When You Become Friends With Your Adult Siblings

by Kat George

When you're growing up, a lot of the time, your siblings are your siblings. Sure, there are parts of your early relationship that resemble friendship, but then there are also the weird sibling tantrums you have, the resentments, and the knowledge that this person, as part of your family, is someone that you both have to protect and impress from time to time. It's like friendship, but with all these other addendums. Sometimes siblings are super annoying. Sometimes you have to hang out with them when you don't want to. Sometimes you wish they were never born.

But you can never just stop seeing your siblings or cut them out of your life entirely (I mean, maybe you can, but chances are you'll still hear about them/see them at family gatherings). So when you've grown up with a fraught childhood sibling relationship, what happens when you become adults and start, you know, talking? What happens when you shed all the annoying shadow games and parent-based jealousies? What happens when you actually become friends, hanging out because you want to, and not just because you're forced to? What happens when you realize you actually like the little snot burgers you grew up with? Here's what happens when you become friends with your siblings.

1. You Find Out Stuff You Didn't Think You'd Be Able To Handle Knowing

There's a time when no one wants to know about their siblings sex lives, what drugs they've taken, or how potty their mouths really are. But once you start being actual friends with your siblings, you start sharing your real selves as you start getting to know one another.

2. You Drink Together

It's one thing to share war stories from the dance floor with your new sibling friends, it's another to make them. When your siblings are your friends you go out and paint the town red together, which is fun in its own unique way. And also sometimes terrifying, like when you turn around to see your much younger brother with his tongue down the throat of one of your friends.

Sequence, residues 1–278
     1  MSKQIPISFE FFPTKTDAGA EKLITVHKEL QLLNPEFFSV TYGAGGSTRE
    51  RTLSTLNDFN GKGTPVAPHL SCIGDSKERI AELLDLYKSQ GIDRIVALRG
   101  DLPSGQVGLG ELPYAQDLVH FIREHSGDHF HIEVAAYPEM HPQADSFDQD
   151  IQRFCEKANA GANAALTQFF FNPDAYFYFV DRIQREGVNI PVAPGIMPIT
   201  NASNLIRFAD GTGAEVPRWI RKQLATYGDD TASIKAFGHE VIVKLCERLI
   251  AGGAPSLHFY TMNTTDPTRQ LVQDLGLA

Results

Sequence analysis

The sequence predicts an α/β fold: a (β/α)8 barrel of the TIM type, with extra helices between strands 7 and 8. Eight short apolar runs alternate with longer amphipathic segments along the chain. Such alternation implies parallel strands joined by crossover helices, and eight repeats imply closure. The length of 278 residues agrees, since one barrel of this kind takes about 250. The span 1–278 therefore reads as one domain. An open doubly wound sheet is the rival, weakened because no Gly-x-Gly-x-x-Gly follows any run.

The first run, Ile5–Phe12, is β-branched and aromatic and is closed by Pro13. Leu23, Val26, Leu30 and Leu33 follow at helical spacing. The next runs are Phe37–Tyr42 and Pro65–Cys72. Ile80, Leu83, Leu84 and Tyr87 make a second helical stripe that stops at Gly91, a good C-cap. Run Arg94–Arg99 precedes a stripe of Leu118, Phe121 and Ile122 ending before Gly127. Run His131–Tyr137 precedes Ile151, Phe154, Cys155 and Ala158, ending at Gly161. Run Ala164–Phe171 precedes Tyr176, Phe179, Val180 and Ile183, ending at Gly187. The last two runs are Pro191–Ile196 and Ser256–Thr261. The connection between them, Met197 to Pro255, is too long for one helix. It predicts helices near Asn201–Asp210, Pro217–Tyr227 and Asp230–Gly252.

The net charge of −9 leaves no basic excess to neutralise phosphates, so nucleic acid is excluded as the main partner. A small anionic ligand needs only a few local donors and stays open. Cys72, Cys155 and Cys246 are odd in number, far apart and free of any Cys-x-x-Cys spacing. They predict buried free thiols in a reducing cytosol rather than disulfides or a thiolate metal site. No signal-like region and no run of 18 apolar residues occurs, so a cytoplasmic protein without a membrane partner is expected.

3. You Finally Have Someone To Talk To About Your Parents Who Really Understands

You can talk to friends about your parents until the cows come home and maybe they get it about 80 percent, but talking to someone who gets it 100 percent is a complete revelation. Someone who has lived and witness the exact same crap as you, and can actually commiserate in a first hand way. Mum's mood swings suddenly seem like less of your own wild problem, and something to giggle about with siblings because you finally know you're in it together.

4. You Start Feeling So Much More Secure

All the insecurities you have in life start to fade when you know your siblings, tied to you in blood, are also tied to you because they want to be. That's the strongest bond of all — a family that actually wants to be together. Knowing that you have those people there to talk to and care for you when you need it most makes you feel more self-assured in your life, more able to take great leaps and do things like lose toxic friends.

5. You Start Getting Excited About Your Own Family

When you've nailed friendship with your siblings, starting your own families and having them grow up together starts seeming like a really exciting thing that you can't wait to happen. Little cousins who go on to be besties for life? Yes please.

6. You See Them As Humans

The most important thing is finally recognizing your family as human. They're full, autonomous individuals with hopes and dreams and fears and desires and needs. Whereas once they might have seemed put on earth you annoy you, you start to realize that they're just people too, and while you might have figured out their purpose (annoying you) when you were a child, they're still trying to figure it out, just like you're trying to figure it out for yourself.

Images: ABC; Giphy (6)